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This article is written by a student writer from the Her Campus at CU Boulder chapter.

When I finally packed my things to bring to college, four bags sat in one corner of my bedroom. I found it remarkable how I’d managed to condense my whole life down to this: suitcases swelling with clothes and backpacks awkwardly zipped around portable storage containers.

My bedroom didn’t look as bare as I’d anticipated. There were the obvious absences: gaps in my closet where my shirts had once been, pens cleared out of a coffee mug, and an empty vanity table where I’d stored skincare products and makeup, arranged in a cluster of minimalist packaging.

But so many of the fixtures of my childhood remained intact. Untouched.

The pile of stuffed animals that had once consumed my imagination, posters I outgrew but couldn’t bring myself to throw away, all my favorite books arranged by genre, and the colorful, if somewhat useless, eraser animals I’d begged my parents for at the elementary school book fair: small, insignificant artifacts of my childhood. 

For a few days, my bedroom had been a complete mess – boxes strewn out everywhere, the contents of my desk and shelves divided into intricate piles. I’d gone through all of my things in preparation for college. There were many things I threw out — old study guides, magazine clippings I’d once thought imperative to keep. But there were many more things that I felt compelled to keep.

The complicated feelings I’ve had regarding my childhood certainly aren’t exclusive to me. Our society seems to be fascinated with the idea of growing up. We are captivated by media that reckons with “coming-of-age” — returning to the teased perms and synth soundtracks of John Hughes films, and connected deeply with the raw depictions of adolescence featured in other contemporary films such as Lady Bird and The Perks of Being a Wallflower. Other forms of media are also consumed by the coming-of-age genre; some of the most memorable books of all time explore themes of navigating adolescence.

Despite the film being over a decade old, The Perks of Being a Wallflower remains a staple of the “coming of age” story.

The distinct perimeters of childhood and adulthood are clearly established moments of change. And yet for so many people, events we commonly associate with growing up — high school graduations, moving away from home — still manage to catch us off guard. We are overwhelmed by these changes, and seek understanding in the art around us. Yet even after we’ve grown up, do we ever lose that longing for a deeper understanding?

John Hughes was well into his thirties when he began producing some of the iconic teen filmography that defined the 20th century. Donna Tartt published her coming-of-age epic The Goldfinch when she was fifty. Paul Feig created the cult-classic television series Freaks and Geeks decades after he’d finished high school. We leave childhood and adolescence, but return to it time and time again. Why?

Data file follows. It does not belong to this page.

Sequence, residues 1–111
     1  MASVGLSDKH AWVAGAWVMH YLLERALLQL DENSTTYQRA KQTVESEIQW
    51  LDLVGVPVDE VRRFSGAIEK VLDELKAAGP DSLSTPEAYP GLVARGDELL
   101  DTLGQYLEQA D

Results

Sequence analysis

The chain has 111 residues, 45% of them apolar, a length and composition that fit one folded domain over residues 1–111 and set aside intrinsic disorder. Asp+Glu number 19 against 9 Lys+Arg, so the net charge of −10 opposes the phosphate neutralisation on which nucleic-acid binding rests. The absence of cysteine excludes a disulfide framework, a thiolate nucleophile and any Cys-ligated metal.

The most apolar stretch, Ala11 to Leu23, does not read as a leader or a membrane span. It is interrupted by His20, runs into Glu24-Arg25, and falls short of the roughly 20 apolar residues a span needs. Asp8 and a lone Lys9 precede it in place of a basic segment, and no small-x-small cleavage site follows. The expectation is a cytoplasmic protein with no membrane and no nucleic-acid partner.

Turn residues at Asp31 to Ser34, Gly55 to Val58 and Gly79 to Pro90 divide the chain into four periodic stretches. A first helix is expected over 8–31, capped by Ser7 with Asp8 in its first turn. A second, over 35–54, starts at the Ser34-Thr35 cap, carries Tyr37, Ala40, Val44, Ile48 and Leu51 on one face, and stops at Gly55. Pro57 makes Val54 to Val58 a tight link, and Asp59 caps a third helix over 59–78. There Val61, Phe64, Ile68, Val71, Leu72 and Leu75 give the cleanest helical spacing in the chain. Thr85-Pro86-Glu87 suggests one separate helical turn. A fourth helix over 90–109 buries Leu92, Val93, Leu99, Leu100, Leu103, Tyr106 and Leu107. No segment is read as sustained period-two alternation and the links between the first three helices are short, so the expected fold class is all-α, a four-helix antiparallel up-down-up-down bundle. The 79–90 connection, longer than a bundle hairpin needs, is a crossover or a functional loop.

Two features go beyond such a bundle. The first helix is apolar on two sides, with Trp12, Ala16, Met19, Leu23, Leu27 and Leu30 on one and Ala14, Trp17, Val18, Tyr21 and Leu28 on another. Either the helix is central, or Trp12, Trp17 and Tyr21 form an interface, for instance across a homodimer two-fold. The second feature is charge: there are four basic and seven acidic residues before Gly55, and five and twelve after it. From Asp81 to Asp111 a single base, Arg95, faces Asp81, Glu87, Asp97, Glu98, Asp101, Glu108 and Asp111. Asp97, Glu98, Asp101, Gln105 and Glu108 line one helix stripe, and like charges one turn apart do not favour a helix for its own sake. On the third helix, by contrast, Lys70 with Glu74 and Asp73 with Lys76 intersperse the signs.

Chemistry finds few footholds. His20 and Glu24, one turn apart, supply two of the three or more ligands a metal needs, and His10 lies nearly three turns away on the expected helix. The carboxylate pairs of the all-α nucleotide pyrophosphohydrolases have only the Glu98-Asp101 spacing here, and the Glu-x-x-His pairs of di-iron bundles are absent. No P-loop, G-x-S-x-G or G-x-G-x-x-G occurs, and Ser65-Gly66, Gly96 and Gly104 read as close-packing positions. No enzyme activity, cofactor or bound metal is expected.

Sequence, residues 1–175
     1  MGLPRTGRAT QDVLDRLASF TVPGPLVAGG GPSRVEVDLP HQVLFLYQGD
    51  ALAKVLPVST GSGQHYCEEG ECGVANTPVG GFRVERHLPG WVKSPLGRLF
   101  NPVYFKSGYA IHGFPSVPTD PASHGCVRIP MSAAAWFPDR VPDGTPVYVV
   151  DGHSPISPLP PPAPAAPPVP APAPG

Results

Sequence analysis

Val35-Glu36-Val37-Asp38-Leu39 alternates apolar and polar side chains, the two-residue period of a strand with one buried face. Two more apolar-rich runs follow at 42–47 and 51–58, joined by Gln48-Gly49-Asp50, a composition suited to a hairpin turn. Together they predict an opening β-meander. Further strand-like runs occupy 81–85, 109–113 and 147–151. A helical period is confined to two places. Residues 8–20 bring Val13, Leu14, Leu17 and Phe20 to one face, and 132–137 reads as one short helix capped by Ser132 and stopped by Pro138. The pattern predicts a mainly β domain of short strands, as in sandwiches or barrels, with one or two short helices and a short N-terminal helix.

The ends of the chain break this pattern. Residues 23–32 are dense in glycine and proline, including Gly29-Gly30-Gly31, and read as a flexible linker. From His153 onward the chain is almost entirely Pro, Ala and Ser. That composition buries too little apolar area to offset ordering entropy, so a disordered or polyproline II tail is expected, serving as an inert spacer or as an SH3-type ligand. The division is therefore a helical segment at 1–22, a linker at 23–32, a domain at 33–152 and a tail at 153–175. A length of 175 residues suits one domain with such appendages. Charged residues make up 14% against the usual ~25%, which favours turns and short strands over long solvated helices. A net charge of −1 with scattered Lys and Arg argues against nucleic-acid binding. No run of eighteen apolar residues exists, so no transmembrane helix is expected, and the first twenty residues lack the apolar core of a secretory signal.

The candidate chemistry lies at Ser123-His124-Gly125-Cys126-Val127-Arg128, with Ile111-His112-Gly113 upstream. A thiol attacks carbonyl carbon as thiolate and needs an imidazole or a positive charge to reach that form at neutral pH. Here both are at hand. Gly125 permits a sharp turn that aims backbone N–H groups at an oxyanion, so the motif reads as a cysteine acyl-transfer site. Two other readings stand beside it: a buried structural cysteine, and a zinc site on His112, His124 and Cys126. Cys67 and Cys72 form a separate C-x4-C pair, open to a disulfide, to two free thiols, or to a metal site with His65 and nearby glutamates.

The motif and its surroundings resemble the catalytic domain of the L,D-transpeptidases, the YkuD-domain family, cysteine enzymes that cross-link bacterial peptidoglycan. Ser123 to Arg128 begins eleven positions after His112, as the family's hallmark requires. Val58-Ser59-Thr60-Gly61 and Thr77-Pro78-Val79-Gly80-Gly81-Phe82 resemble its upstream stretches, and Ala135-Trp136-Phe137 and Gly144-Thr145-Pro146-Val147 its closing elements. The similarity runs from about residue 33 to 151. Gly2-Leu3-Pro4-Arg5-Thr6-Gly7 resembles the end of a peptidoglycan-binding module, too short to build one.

I think we are captivated by the intersection of nostalgia and simplicity. The familiarity of youth — brightly-colored beach towels and recess games under a scintillating sun — is something which carries a veneer of idealism. Memories are pruned and curated; we forget the sting of sunburns and playground wounds. It all gets condensed into something simpler. As time passes, the problems that once were all-consuming seem to pale in comparison to our current burdens. 

It’s easy to reminisce on a moment that is wholly inaccessible. I will never be in the fourth grade again, collecting origami cranes made of notebook paper. I will never be seventeen again, convinced I’d find meaning in the intervals between songs played in the darkness of run-down concert venues. This is what makes nostalgia so lucrative — memories are only ever memories, and it can be profoundly excruciating to remind yourself of this.

My bedroom has changed over the years, but it still is a testament to my childhood: from the things I loved and cherished when I was a girl, to the memories that made me. If I look close enough, I can see the faded blotch of pink paint in the corner of my room. I was fourteen and decided colorful walls were too juvenile. I painted over it, covered it up. But not really. I don’t think you can ever really erase anything entirely. 

One day, I will throw out my old posters and discard my childhood books at the nearest Goodwill. I will pack up my things in plastic bags, and I will leave them behind. One day. Not quite yet.

Lily Defnet

CU Boulder '27

Lily Defnet is a contributing writer at the Her Campus of CU Boulder chapter. She writes about modern culture, psychology, and current events. As a freshman at the University of Colorado Boulder, Lily is currently pursuing an English major. She is a two-time participant of the highly competitive Iowa Young Writers Studio, and has interned with Lighthouse Writers Workshop throughout high school. While writing consumes most of her free time, Lily also enjoys reading, doing yoga, and watching reruns of Vanderpump Rules.